I have some larger (3′) pipe wrenches which I keep in a tool drawer in the back of a pickup all year long. I use a kind of motorcycle chain lube spray called “Chain Wax”. It seems to put a thin coat of paraffin on the metal. I like it because it’s dry and doesn’t pick up dirt, or come off all over the place like oil or WD40.

  12. DocN says:

    What’s rust?

    As nonintuitive as it sounds, up here in often-snow-covered Alaska, the average humidity is fairly low. As long as your stuff isn’t physically out in the rain, hardly anything rusts. The only special measures I’ve had to take, in a small machineshop full of bare steel, is to keep my shop-made QCTP blocks oiled- and even here that’s only because I used chemical cold-blue on them, which produces the color through controlled oxidation.

    Now, that said, I know lots of guys with garage shops, and things rust badly when you park a slush-covered car (or worse, a truck with a bedful of snow) in the same garage as the tools.

    Doc.

  13. Shopmonger says:

    I use engine oil for tools not used but more than once a year….

    But for tools in a drawer…..just put those silica packs you get in packaging…..they will absorb the moisture,,, if they get all fluffy, set them outside on a hot non-humid day……… or near a de-humidifier. They will release the moisture and then are ready to go back………

    I never have rust problems…..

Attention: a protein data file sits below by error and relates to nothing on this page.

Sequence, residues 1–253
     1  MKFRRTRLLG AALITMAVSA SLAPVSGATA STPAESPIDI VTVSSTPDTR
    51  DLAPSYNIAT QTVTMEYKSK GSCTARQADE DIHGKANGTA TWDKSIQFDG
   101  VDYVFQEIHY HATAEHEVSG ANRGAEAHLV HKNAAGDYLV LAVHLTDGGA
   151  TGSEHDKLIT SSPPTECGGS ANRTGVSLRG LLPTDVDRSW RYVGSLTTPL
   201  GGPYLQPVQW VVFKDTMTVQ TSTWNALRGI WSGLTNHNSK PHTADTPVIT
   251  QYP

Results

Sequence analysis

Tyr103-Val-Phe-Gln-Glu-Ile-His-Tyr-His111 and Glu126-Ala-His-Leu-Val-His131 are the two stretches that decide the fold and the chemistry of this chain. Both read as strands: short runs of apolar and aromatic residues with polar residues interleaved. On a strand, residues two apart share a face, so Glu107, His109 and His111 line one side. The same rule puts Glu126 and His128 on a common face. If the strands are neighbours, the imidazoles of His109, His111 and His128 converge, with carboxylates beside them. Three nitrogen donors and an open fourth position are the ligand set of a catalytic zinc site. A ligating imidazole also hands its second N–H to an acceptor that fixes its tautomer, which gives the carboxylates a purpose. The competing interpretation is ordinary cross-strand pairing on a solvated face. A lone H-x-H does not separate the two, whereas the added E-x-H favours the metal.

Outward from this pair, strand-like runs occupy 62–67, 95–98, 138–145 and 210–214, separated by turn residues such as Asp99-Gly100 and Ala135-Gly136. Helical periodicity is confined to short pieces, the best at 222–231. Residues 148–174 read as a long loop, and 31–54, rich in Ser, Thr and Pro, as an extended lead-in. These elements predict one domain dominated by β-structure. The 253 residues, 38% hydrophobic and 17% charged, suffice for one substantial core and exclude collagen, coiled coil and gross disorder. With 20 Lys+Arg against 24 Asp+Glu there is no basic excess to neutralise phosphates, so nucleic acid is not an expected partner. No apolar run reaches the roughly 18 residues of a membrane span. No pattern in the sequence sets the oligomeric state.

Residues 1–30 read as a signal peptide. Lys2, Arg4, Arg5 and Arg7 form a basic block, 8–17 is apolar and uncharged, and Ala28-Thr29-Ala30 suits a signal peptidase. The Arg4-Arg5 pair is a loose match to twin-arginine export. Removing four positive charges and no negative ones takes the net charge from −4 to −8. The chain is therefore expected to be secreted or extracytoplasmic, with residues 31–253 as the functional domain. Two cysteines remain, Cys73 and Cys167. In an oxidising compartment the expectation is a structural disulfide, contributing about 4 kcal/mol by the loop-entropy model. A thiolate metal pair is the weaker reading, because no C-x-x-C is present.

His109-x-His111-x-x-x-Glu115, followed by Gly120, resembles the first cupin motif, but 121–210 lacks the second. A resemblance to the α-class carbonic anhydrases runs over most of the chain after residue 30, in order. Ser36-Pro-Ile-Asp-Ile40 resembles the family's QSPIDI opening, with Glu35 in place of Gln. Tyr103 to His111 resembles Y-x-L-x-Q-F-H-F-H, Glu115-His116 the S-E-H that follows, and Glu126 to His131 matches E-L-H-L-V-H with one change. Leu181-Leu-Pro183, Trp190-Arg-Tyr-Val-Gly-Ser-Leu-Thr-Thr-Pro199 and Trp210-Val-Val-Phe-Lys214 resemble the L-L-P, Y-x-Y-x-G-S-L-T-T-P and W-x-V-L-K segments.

On big tools, i use wax for the beds, keep your tools clean

    ShopMonger

  14. Cameron Watt says:

    DocN: It’s all about the dew point. While the temperature of your tools is above the dew point, that moisture will stay in the air.

    This might not be an issue where you are. Bitter cold winters are usually dry as well. I find that once you get below 14 degrees Fahrenheit the humidity issues really start to diminish.

    I grew up in a rain forest (~80 inches of rain/year) and condensation along with the related corrosion problems were horrible. If you stood still too long, moss would grow on you….

  15. Jim says:

    Living in Southern China (near Hong Kong), rust hits within seconds of exposing tools to the air. Probably isn’t helped by the pollution, either.

    I keep everything in a 6′ X6′ workroom with a large dehumidifier running non-stop. It warms the room, and keeps the RH at just over 20%. When I turn on the A/C to work in there, it actually raises the RH to about 30% (cooler air can’t hold as much water, so the percentage goes up).

    Some might say it’s too dry – but it sure feels good compared to the sauna outside (we actually had fog at over 80 degrees the other day!)